1. Paula, Thank you so much for sharing a moment in time with us. It was so reminding of some joyious times of discovery in my own life. Though I only visited Lee Brewster's once, in the early 90's when I was teetering on the precipice between trembling in the closet and clicking my heels down Broadway. A dear friend I'd gone to visit and was living uptown had brought me there while on a weekend enfem. I remember the elevator, and meeting the transgender sales ladies. We did so much that weekend and it was a huge turning point in my life. It's hard to imagine being terrified to walk out the door, but I was and I was helped held and supported by all those girls who were pushing themselves and others to be the person you are! You are so right when you talk that we are all making it better, not only for us, but for our future trans sisters and brothers. By being out, being proud, being responsible and being examples of goodness and graciousness we are turning heads and changing minds one person at a time. I live far from the big city, and am often presenting as my self in a way that I will leave a good impression on those I encounter. I can only say, it seems to be working.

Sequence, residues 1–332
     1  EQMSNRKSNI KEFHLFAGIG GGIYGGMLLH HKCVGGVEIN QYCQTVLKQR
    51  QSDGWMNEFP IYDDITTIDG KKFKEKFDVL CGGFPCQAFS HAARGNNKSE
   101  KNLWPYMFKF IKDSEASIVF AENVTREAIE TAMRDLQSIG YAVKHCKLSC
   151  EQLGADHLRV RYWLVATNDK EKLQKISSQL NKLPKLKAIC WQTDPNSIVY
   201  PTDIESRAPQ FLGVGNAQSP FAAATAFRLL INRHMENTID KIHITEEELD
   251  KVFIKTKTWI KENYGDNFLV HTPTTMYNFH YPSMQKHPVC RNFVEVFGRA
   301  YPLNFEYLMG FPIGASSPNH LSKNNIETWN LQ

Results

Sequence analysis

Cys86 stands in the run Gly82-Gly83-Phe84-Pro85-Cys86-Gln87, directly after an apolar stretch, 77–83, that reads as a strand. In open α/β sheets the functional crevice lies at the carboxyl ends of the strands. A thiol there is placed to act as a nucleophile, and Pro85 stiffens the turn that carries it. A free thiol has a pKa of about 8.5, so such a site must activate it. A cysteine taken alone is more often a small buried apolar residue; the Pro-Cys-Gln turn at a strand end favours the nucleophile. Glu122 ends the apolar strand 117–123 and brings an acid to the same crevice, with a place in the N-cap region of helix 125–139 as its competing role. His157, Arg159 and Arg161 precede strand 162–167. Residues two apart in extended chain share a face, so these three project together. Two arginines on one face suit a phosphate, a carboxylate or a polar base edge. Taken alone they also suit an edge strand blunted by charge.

Thanks again!

  2. You describe it so well. If I was in NY on business, I would always try to finish my meetings by midafternoon so I could go there. By 3 0'clock, the men working would be outside smoking or hosing down the sidewalks. I would be looking around furtively, sure, just like you, they knew where I was going and were silently thinking, "fag" or "queer." But what a relief to go there and know I wasn't the only guy in the world who loved wearing stockings, heels and a dress.

  3. Meant to add, you look lovely in that picture.

  4. Paula,
    Thank you for your wonder article. It brought back many memories. From the Carter Administration through the final years of the Clinton era I was a suit and tie worker on the east side of mid town Manhattan. From time to time I would find myself on the west side of 42nd street in the years before it was cleaned up. While I would sometimes find my way into some of the Times Square bookstores I never had the courage to visit Lee's when he had a place in that part of town.